So now I'm thinking I'll run the water through the wall to a barrel on the floor under the sink, or several barrels in parallel. (A roof will collect 55 gallons pretty fast!) I can have an overflow pipe coming out of the barrel slightly below the pipe that feeds it, which will take extra water back out through the wall, with no need for a shutoff valve.

Also, if people are going to be using the sink to wash stuff, it would be great to have a foot pedal pump so they can keep their hands free. I poked around online and found this foot pedal pump made for boats, the Whale Gusher Galley Mk3.

Unless you all can come up with a better idea, I'll try it and see how it works.
 
tel jetson
steward
Posts: 3382
Location: woodland, washington
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Ran Prieur wrote:
Also, if people are going to be using the sink to wash stuff, it would be great to have a foot pedal pump so they can keep their hands free. I poked around online and found this foot pedal pump made for boats, the Whale Gusher Galley Mk3.


that looks like a pretty slick pump.  much more convenient than a hand pump.  around $100 isn't terrible.  I've seen foot pumps in port-a-johns, too.  they don't work very well, but I would bet they're cheaper.

your idea to build the barrels into the wall sounds kind of neat, though I'm sure you're right about the complications involved.  what about building in two layers of barrels stacked vertically?  the lower layer can stay full all the time and function as a heat sink.  the second layer is supported by the first and gravity feeds to your sink.  I believe the HDPE drums are stackable if they're in good shape, and I'm sure that steel drums are.  you would still have the freezing issue, but if they aren't exposed to the exterior, you might get by depending on how your structure is used.

the floor might still be your best bet, but it can't hurt to explore some other ideas a little bit.
 
                                                                    
Posts: 114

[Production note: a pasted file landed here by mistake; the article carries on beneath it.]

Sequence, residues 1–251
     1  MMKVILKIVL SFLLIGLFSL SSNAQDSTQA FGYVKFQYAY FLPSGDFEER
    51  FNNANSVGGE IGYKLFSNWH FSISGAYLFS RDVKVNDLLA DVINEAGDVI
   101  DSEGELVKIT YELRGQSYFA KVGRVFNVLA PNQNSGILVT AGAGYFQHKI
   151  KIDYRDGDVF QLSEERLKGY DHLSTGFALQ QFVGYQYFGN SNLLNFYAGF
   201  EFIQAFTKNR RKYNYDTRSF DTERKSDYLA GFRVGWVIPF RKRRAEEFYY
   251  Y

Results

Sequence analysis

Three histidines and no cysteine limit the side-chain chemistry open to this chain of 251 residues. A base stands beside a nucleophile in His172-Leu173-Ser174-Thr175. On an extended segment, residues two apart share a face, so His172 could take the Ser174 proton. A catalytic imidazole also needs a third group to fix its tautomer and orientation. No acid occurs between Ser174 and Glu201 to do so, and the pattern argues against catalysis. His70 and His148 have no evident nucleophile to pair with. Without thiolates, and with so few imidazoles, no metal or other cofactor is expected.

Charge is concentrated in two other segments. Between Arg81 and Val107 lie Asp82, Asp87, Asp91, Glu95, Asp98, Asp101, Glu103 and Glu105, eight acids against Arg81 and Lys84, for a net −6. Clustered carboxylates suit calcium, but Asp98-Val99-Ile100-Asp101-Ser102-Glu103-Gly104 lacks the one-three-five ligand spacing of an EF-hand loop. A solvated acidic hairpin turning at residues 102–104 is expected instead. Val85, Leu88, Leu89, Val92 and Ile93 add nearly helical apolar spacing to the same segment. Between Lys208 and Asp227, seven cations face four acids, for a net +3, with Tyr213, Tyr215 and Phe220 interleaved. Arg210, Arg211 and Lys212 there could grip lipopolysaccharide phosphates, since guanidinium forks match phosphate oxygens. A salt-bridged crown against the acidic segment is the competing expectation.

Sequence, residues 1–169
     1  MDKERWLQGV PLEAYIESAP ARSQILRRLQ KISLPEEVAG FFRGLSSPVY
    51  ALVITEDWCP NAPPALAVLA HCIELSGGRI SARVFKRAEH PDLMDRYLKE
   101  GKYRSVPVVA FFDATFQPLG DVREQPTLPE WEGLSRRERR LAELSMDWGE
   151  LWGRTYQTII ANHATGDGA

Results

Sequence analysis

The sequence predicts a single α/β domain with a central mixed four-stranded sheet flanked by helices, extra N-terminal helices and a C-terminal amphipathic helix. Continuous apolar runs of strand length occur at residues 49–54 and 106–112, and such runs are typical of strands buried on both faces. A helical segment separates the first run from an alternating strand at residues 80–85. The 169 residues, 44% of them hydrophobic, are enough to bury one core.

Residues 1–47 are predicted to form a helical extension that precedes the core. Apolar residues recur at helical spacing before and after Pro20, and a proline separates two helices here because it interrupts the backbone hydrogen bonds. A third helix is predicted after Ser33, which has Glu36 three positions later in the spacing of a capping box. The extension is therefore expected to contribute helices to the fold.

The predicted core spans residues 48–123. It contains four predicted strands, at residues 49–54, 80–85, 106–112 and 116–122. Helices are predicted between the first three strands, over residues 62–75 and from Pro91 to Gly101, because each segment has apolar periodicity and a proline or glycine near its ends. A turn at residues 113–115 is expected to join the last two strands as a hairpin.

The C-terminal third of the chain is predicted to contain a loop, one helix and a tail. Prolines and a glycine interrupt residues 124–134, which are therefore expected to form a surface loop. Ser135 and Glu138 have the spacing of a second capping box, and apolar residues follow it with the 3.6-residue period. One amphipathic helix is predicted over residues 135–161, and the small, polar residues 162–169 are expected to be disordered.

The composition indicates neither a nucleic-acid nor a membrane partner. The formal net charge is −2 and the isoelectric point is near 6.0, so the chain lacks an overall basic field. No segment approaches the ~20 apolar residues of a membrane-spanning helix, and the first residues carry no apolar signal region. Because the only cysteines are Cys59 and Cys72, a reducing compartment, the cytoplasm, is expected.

Location: Nashville, Tennessee, USA
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You can also build a cistern underground below the frost line.
These can be lined with some sort of masonry.
That way you can eliminate the dreaded plastic and it can be bigger.
 
Briggs Burnham
Posts: 24
Location: Fairfield, IA
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Thanks everyone for all the advice!

I love the idea of the foot pump.  I wasn't super thrilled about having to support that much water up above us.

I've already got the barrels which is why I'm using them.  Doing a whole underground cistern would be pretty expensive!  We've got about nothing to spend on this, we're scavaging all the parts.
 
                                                
Posts: 33
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No fear, this is by no means modern plumbing-

1.  I need to cut at least two holes in my wall: one up high (water in) and one down low (water out).  What advice do you have for making sure these wall holes are re-sealed around the cuts once the plumbing is run through it?

Use a hole-saw only the diameter of the pipe- if I were doing this, I would cut a square piece of cedar, say from a 1X6, put a piece of copper flashing over on edge, and bend it over the face 1/4" or so to make a drip edge- cut a hole for the pipe with the hole saw in the center, and then cut the 5.5X5.5" away from your siding, so the square with the hole in the middle is inset to you siding- nail, and caulk this in- put a similar piece of wood on the inside- before you put either plate in or out- line the hole with vapor barrier which will be tacked under the "plates" inside and out, once the pipe goes through caulk around it in and out- this should require only a fine bead.

2.  I don't want to flood the studio so I want a very safe overflow.  Should I overflow the barrels down the drain or have a separate overflow pipe and hole through the wall?  Am I correct in assuming the overflow pipe needs to be at least as wide as the inflow pipe so it doesn't fill faster than it can drain?

Do this just like a sink, drill a hole in the barrell 6" from the top and right at the bottom- connect the tub you have coming off the top hole to the one coming off the bottom so they exit the building through one hole. I would make the drain pipes larger than the fill, for the reason you cited. 45 degree jogs are better than 90 degree ones with gravity- and make sure you have a good cover (screen?) on the pipe coming in.